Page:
Royal Mail has revealed its Christmas 2020 stamps featuring a series of six stained glass Nativity scenes.
The stained-glass Nativity scenes showcase the extraordinary detail and craftmanship of this highly specialised decorative art, covering a range of eras, styles and technique.
Traditionally, stained glass windows are assembled from pieces of coloured glass, held together with lead. The techniques of making stained glass have hardly changed since the Middle Ages.
The Nativity is a common subject in stained glass artistry and from the 13th century onwards, scenes often focused on the relationship between the new-born infant Jesus and his mother, the Virgin Mary.
Philip Parker, of Royal Mail, said: “Our beautiful Christmas stamps feature the Nativity as told through the artistry of different styles of stained-glass windows.”
Stained glass originated in late antiquity. The Romans were the first to use coloured glass in windows, often set into plaster, stucco or metal frames. The oldest known examples of coloured window glass in England were excavated from the site of the former Anglo-Saxon monastery at Monkwearmouth Jarrow, Northumbria, which was founded in the 7th century.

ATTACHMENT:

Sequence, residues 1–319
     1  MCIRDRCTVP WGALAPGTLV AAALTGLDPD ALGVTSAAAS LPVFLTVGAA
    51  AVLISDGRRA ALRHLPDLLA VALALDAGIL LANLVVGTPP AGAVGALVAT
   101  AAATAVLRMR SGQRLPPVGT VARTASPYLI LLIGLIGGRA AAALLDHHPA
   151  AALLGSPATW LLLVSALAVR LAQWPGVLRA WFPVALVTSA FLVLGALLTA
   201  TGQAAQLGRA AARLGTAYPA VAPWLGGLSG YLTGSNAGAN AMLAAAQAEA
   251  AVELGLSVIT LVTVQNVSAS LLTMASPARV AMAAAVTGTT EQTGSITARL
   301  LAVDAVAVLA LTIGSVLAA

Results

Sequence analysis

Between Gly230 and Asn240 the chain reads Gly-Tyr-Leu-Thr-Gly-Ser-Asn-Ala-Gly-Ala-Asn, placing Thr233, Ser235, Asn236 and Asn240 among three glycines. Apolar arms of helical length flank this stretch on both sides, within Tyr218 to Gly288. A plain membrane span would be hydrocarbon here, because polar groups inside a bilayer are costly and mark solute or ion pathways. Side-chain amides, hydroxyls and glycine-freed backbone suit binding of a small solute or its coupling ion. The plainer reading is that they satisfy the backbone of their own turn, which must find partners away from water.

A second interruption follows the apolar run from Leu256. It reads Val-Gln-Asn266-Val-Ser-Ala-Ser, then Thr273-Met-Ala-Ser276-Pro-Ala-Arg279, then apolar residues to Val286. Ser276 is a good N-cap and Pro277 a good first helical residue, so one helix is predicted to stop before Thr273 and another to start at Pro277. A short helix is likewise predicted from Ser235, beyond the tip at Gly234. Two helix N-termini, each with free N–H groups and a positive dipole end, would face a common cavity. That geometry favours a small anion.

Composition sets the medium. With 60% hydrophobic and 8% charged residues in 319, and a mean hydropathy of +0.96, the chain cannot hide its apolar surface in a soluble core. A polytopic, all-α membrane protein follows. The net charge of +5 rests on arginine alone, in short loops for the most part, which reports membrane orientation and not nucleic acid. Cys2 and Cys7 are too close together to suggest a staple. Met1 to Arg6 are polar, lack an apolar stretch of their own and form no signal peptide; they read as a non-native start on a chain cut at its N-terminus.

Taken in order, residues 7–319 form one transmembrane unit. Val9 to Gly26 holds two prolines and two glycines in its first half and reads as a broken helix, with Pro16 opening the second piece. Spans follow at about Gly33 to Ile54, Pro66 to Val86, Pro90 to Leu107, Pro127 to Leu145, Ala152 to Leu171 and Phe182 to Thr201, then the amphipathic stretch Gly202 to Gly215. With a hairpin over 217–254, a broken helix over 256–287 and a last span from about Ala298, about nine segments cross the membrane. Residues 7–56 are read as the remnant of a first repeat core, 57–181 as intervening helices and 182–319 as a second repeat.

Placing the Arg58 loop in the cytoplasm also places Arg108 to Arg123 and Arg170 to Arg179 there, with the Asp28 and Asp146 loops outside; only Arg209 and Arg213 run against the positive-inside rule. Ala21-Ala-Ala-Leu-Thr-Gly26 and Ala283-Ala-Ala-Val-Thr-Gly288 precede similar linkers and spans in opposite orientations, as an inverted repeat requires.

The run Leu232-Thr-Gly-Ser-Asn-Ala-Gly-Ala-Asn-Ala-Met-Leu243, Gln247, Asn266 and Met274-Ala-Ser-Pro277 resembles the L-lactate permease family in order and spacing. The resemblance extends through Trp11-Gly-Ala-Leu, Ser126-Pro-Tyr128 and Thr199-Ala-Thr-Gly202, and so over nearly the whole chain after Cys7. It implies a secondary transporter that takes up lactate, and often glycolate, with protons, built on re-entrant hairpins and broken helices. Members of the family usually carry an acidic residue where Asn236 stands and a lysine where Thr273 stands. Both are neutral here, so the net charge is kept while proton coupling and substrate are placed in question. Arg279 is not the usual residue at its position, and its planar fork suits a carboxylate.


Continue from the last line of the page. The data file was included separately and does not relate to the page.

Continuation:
By the 10th century, stained glass windows were being constructed with lead, which was more malleable and enabled greater versatility of design. Stained glass was a popular and expensive art form in the Middle Ages, used to decorate churches and other prestigious buildings. The translucent qualities of coloured glass meant that these windows projected coloured light into buildings, while illuminating colourful pictures.
Panels of late 12th century stained glass survive at both Canterbury Cathedral and York Minster, but most surviving stained glass in the UK dates from the 13th century onwards.
Following the Reformation in the 16th century, fewer religious stained glass windows were commissioned and, with a handful of exceptions, it was not until the 19th century that stained glass once again became a popular art form.
Medieval windows provided inspiration for 19th century artists, who revived medieval techniques. Today, exquisite examples can be seen in the windows of our churches, town halls and other public and private buildings across the UK.
Stained glass windows from the following churches are in the set:
• St Andrew’s Church, East Lexham, Norfolk
• St Andrew’s Church, Coln Rogers, Gloucestershire
• Church of St James, Hollowell, Northamptonshire
• All Saints’ Church, Otley,West West Yorkshire
• St Columba’s Church, Topcliffe, North Yorkshire
• Christ Church, Coalville, Leicestershire
The stamps are on sale now and are available at: www.royalmail.com/ christmas2020, by phone on 03457 641 641 or through Post Offices. In addition, around 1,000 retailers will stock Christmas stamp books.